Gov. Larry Hogan’s explanation for his decision to fund some of the General Assembly’s budget priorities and not others is the biggest load of malarkey we’ve seen in Annapolis in a long time. The governor was, apparently, loath to deny funding for things like providing technology upgrades for the beleaguered Baltimore Police Department, but he was also determined to make sure the Democrat-led General Assembly somehow got blamed for pushing him to do it. We suppose his press release might make some sense if you have no idea how the state budget works, but we do, and we’re going to have to call bull on this one.
A brief recap: After Governor Hogan submitted his budget plan in January, members of the legislature made cuts to some elements of his proposal to free up money for items that were important to them, mainly school construction but also things like additional assistance for the Baltimore Symphony Orchestra. The end result was that the budget they passed — even accounting for the items they sought to add — was smaller than the one Mr. Hogan introduced.
The legislature can’t force the governor to spend money it has fenced-off; it can just authorize him to spend it in the manner of its choosing and prevent him from spending it on anything else. This morning, at the Board of Public Works and in a subsequent press release, Governor Hogan explained his decision. Here’s what he said:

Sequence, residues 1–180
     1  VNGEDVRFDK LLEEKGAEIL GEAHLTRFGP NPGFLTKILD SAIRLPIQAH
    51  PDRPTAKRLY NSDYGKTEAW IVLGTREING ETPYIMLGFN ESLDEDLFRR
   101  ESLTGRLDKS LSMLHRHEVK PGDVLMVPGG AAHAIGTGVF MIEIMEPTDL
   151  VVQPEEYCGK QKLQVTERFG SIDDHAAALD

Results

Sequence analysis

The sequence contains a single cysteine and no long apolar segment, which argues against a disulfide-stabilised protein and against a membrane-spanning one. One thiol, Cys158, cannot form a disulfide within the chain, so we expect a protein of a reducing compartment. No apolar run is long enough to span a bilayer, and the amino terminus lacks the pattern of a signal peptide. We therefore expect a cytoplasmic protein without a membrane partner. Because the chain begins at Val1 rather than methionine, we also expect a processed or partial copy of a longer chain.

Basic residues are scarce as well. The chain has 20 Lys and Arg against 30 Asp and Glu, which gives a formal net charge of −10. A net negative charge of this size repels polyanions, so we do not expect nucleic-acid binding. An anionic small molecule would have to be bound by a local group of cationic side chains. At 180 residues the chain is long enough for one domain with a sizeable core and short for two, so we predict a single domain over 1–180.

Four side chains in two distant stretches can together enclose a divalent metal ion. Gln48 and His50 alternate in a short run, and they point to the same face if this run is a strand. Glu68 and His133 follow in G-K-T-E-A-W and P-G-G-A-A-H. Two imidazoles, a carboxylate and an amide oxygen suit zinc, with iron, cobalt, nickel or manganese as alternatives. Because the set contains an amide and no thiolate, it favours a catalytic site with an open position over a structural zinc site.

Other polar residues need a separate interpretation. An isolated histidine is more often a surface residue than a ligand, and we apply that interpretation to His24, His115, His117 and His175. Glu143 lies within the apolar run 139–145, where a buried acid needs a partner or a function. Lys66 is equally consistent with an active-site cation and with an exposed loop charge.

“At a meeting of the Board of Public Works today, Governor Larry Hogan announced funding for critical public safety and health programs. The administration will fund these essential programs through savings within the existing budget, rather than allow extra ‘fenced-off’ spending by the General Assembly.
“’The legislature continues to spend recklessly, and has jeopardized funding for a number of worthwhile programs it cut from our budget to pay for its own wish list,’ Governor Hogan said. ‘Despite the fiscal challenges that the legislature’s out-of-control spending have caused us, we cannot allow critical public safety and health needs to go unmet. Our administration will work within the existing budget to fund these critical public safety and health programs.’”
In other words, items on the legislature's “wish list” are, by the governor’s own admission, also addressing “critical public safety and health needs.” But giving the Democrats in the legislature credit for anything would, of course, be a non-starter. So, Governor Hogan is going to cut even more from the other “worthwhile programs” he claims the legislature is “jeopardizing” just so he can have the pleasure of pretending the General Assembly is being profligate.
It’s not. Remember, the “extra ‘fenced off’ spending by the General Assembly” is not extra at all. It is merely a replacement for spending Governor Hogan proposed. And if the legislature’s spending is “out of control,”Mr. Hogan’s budget was more so.